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Countries Across the World Work Together to Conserve the Natural World through the IUCN

The IUCN (International Union for Conservation of Nature) is the global authority on the state of the natural world and the measures that are needed to protect it. The IUCN mission statement is:

Governmental and civil organizations (1300 altogether!) work to enhance economic development and nature conservation—the two aren’t mutually exclusive. The IUCN provides a neutral forum for member organizations to be heard, and members vote democratically on resolutions concerning global conservation initiatives. Thousands of experts are involved in their important work, and author Elaine A. Powers is part of the Iguana Specialist Group of the IUCN. Many iguana species are among the most endangered animals and this group looks after the big lizards.

“Influence, encourage and assist societies throughout the world to conserve the integrity and diversity of nature and to ensure that any use of natural resources is equitable and ecologically sustainable.”

You might have heard of CITES, the Convention on International Trade in Endangered Species. Animals whose existence is threatened are listed in the IUCN Red List.Information can be found on those animals, including how endangered the species is and why. Is it threatened or nearly extinct? The IUCN works to see the populations of these animals recover so they can be removed from the Red List.

Iguanas are important for ecosystem health due to their role as seed dispersers for many native plants. These large lizards are threatened by habitat degradation, by human development and the introduction of invasive species. In addition, iguanas are hunted for human use.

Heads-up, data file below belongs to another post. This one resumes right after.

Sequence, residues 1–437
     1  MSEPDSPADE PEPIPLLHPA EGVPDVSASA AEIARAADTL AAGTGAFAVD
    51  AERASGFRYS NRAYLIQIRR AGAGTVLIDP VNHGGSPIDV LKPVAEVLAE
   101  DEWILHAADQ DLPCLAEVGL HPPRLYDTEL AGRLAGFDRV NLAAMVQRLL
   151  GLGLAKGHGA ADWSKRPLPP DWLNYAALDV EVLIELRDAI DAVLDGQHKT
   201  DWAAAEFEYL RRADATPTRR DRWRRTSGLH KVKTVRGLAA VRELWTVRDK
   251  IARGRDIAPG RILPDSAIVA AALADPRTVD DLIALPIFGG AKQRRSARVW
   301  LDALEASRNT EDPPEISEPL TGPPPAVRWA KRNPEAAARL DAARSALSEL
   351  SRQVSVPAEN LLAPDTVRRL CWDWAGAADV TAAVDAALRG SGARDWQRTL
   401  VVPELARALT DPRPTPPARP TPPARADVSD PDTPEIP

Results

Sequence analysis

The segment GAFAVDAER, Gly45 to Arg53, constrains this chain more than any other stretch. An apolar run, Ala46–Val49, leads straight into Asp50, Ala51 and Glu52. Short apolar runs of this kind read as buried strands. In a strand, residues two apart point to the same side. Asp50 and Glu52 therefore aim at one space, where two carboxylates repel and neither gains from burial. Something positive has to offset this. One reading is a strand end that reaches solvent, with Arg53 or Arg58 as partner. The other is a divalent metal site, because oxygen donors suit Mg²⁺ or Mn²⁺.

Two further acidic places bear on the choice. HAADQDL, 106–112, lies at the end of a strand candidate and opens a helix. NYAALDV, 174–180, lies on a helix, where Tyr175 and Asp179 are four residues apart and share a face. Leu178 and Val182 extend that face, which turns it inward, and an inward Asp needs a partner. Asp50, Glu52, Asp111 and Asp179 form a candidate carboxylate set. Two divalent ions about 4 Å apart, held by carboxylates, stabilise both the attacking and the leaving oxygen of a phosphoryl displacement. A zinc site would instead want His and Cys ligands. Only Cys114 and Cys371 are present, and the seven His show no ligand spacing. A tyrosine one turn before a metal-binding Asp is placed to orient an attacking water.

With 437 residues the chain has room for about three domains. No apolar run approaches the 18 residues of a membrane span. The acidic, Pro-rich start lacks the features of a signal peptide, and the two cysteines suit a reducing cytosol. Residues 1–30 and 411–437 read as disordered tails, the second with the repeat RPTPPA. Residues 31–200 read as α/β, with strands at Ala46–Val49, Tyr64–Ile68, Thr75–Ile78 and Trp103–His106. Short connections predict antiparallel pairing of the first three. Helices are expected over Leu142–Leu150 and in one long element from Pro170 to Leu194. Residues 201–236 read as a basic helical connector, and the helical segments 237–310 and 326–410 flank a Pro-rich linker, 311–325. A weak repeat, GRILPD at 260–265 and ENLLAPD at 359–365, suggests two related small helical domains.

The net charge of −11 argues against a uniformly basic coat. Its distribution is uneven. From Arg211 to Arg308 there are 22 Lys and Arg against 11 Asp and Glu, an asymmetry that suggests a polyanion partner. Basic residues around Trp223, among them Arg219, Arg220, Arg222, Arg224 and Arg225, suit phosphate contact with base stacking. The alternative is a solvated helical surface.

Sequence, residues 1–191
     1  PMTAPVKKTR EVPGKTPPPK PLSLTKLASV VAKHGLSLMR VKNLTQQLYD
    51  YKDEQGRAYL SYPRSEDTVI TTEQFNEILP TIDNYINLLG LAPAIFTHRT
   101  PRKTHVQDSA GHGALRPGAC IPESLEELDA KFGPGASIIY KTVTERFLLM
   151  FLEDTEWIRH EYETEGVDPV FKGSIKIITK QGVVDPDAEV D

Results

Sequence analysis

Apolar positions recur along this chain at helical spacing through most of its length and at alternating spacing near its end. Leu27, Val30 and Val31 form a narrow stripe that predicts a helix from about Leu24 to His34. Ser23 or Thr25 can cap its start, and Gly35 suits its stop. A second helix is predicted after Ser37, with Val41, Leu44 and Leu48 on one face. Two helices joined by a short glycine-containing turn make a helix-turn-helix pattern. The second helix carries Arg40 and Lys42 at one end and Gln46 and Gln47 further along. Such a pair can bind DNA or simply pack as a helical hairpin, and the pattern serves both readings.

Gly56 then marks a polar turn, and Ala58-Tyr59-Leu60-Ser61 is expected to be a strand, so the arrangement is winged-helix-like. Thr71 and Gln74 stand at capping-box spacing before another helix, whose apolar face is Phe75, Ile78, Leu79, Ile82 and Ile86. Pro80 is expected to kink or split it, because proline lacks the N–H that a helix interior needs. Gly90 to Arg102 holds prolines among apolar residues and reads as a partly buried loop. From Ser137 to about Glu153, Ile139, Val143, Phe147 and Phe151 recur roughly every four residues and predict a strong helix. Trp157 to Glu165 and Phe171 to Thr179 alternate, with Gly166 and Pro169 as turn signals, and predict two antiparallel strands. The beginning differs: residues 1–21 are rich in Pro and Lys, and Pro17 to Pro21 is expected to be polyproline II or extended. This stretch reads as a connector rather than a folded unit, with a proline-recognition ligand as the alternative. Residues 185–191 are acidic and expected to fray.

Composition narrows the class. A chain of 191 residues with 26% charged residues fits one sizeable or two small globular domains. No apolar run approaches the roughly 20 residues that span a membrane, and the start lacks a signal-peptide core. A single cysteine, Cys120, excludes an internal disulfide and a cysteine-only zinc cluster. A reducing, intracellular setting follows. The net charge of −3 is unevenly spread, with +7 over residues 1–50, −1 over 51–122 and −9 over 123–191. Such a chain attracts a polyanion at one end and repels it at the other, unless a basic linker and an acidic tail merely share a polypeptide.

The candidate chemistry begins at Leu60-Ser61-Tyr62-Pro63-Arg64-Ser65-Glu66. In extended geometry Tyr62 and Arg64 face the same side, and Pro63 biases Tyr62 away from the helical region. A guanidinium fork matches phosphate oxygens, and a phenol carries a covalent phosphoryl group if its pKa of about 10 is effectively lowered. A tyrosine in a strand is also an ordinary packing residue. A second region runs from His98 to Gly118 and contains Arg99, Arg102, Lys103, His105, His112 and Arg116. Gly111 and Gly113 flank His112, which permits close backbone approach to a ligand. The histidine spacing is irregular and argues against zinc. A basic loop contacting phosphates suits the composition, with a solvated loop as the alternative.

The ISG recommends and enacts immediate and effective measures to conserve iguanas globally. The IUCN is a wonderful example of countries around the world working together for conservation.

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Our New Category: Living with Reptiles

We’re starting a new category for posts at Tails, Tales,Adventures, Oh, My! today. We’re calling it Living with Reptiles.

I Live with a Menagerie of Reptiles, by Elaine A. Powers, Author

People think living with mammals or even birds is perfectly normal, but tell people you live with reptiles and they look at you strangely. I don’t understand this. Dogs bark, cats meow, and birds squawk. Fish might seem quiet but then you have the noise of the bubbler. Reptiles make the perfect, quiet pets and most sleep through the night right along with you. What could be better than that?

I do have stories to tell.

Tortoises Noises are Targeted—At Me!

I know I just said reptiles make quiet pets, but there are always exceptions to the rule.

I have a creep of red-foot tortoises roaming around my home. (Creep is the collective noun for tortoises.) You can hear the slik, slik, slik sound of their feet moving on the tile, but red-foots are known for being noisy breathers. And I don’t think it’s just breathing—I think they are talking to each other. When I get home after along trip, when I’m travel-tired and trying to fall asleep, they gather beside my bed and whisper to one another for . . . hours. I’ve decided that means they’re happy I’m home. I am happy to be home—I miss them, too!

On a typical day, they allow me to sleep peacefully through the night—until dawn, that is, when they decide to scratch their apparently itchy shells on the metal frame of my bed. Back and forth, back and forth. This is a very effective way to encourage me to get up and prepare their breakfast salads.

A Red-foot tortoise crawling around inside a paper grocery bag
Myrtle the Red-foot Tortoise at home

The other day I was on the phone for an important business call.  I hear this loud, scrunching sound behind me.  Myrtle Tortoise had knocked over my paper grocery bag filled with other paper bags. She crawled inside, crunching the bags, crushing them, sliding them about, etc.  Needless to say, it was quite noisy. Because I had to focus on the call, I couldn’t go and grab her until the conversation was over.  As soon as I hung up the phone, Myrtle ceased her excavation of the bags.

“Just a coincidence,” I thought I heard her think as she strolled away. 😊

Elaine A. Powers is the author of Don’t Call Me Turtle, thanks to Myrtle, who asked her to write the book.